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08 March 2024

In conversation with Julia Blower

Julia talks to us about the newly opened CARL facility, her research in radiochemistry, and finding a passion for teaching and training.

Headshot of white woman with brown hair, smiling and wearing glaases

Julia Blower is the Strategic Manager of the Cyclotron and Radiochemistry Laboratory (CARL) facility. The national facility specialises in radionuclide production and radiopharmaceutical chemistry development for preclinical applications.

“The UK landscape for nuclear medicine is changing – we have been heavily reliant on overseas suppliers of radionuclides, but this supply is no longer stable. This has implications for routine nuclear medicine diagnostics and therapy, but also research and development of new radiopharmaceuticals. Cross-sector networks such as the UK PET Network and Radionuclides for Health UK have been advocating for a stable supply of medical radionuclides in the UK.

The CARL facility has a clear role to play at the interface of these national developments, both in the development pipeline and supply of new radionuclides and radiotracers towards clinical translation,” Julia says.

While Julia’s current role is more strategic and operational than research-based, it is her extensive radiochemistry research experience that has led her to this position. Julia completed her PhD in imaging sciences at King’s College London, focussing on the development of fast, novel radiochemistry for short-lived radionuclides (radioactive isotopes that undergo very rapid decay, emitting radiation which can be imaged using PET scanners) to make biologically useful radiopharmaceuticals for imaging research and nuclear medicine.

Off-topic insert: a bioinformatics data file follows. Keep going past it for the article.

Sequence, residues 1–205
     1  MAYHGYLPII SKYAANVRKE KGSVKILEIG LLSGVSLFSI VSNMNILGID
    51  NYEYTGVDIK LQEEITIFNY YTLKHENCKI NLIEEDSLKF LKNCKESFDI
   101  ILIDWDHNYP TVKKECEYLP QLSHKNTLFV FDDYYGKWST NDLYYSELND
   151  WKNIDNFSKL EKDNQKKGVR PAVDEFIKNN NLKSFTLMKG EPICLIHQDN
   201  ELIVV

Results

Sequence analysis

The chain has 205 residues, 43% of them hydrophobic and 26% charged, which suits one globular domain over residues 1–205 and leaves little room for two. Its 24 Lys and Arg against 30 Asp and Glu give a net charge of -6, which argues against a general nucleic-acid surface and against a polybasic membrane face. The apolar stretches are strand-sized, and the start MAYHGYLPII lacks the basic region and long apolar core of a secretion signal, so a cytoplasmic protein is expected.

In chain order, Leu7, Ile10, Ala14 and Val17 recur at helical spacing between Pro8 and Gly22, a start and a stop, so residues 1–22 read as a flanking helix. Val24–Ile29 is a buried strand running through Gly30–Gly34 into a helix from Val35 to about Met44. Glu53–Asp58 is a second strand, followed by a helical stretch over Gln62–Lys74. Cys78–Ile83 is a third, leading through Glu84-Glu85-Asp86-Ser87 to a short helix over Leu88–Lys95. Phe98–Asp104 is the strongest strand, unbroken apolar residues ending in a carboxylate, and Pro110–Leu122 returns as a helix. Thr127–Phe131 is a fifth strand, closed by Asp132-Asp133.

“At the time, this area was under-explored, and understandably others were not always convinced of its value in medical imaging. However, 10 years on, now we have the new technology of Total Body PET coming to the field (and specifically to King’s!), I’m convinced there will be a renewed interest and appreciation of the value of radionuclides with very short half-life – they offer significant advantages in medical imaging. I had a lot of fun with this research and would love to get back to it one day!” Julia says.

As a research fellow, Julia spent 14 months learning new techniques in radiochemistry and radiotracer evaluation at the Memorial Sloan Kettering Cancer Center in NYC. She then returned to a post-doctoral research support role at KCL where she facilitated research within the department and the University more widely, as well as collaborations across other institutions.

“An important part of these staff-scientist-type roles is the teaching and training of staff and students, both lecturing in the classroom and hands-on in the lab. I loved that part of the job, and hope to bring that to my role as we grow the CARL facility,” says Julia.

Julia plans to develop hands-on training in radionuclide production and radiochemistry techniques at CARL. “Opportunities to learn these techniques are increasingly rare and practically challenging, particularly in clinical environments. The CARL facility is research-only, operating outside GMP regulation and provides the perfect space for the critical hands-on training needed to sustain the technical expertise in the UK and further afield.”

Julia has already successfully delivered one workshop through CARL, for PET Centre technical staff across the UK, with others planned. She envisions these workshops and short courses will become part of formal teaching programmes in the future.

In this story

Julia  Blower

Facility Strategic Manager